Spooked into patriotic quiescence by the 9/11 attacks and the climate of national fear that followed them, much of the media — with a few honorable exceptions — failed to ask the tough questions not only about the WMD evidence against Iraq, but also about the wisdom of invading and occupying a major Arab country on those grounds. Once the U.S. invasion was underway, it seemed as if the major media outlets had “embedded” themselves with military: Stunts such as the hoky staged toppling of a statue of Saddam Hussein in Baghdad were broadcast as if they were the historical equivalent of the fall of the Berlin Wall (a point most of the anchors made repeatedly throughout the broadcast). And then, as things turned sour and U.S. media began reporting on the problems and the insurgency, the Administration began pressing media outlets to “balance” negative stories about Iraq with positive ones, as if reporting the problems was a partisan political act.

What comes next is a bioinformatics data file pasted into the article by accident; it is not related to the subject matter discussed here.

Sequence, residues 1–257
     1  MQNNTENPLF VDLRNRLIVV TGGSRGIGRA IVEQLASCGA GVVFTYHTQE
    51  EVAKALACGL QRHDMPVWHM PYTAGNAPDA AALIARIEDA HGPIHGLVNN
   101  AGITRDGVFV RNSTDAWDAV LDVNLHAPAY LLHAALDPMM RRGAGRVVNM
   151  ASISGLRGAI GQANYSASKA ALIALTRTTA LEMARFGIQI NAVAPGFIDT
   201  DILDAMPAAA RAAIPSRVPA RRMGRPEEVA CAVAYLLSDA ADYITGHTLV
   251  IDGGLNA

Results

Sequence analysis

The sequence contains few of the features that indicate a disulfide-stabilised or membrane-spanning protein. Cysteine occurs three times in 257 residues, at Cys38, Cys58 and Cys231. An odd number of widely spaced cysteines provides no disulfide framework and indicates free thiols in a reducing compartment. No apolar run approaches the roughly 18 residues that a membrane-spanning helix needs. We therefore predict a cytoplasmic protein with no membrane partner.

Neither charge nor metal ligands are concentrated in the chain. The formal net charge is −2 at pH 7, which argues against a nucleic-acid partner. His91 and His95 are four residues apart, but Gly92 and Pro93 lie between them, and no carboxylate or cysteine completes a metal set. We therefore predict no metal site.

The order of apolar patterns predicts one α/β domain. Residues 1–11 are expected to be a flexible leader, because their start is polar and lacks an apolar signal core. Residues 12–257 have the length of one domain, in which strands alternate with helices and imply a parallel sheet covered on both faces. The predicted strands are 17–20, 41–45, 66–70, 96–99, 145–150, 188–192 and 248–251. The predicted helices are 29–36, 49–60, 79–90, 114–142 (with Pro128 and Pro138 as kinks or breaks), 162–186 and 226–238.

It is telling, perhaps, that the toughest interview President George W. Bush faced in the course of the war wasn’t conducted by any U.S. media outlet; it was conducted by Ireland’s RTE ahead of his visit there. The “alert and informed citizenry” that President Eisenhower warned was essential to prevent abuses of the democratic system depends on the media being unapologetically skeptical, as a matter of due diligence, when the case is being made for war.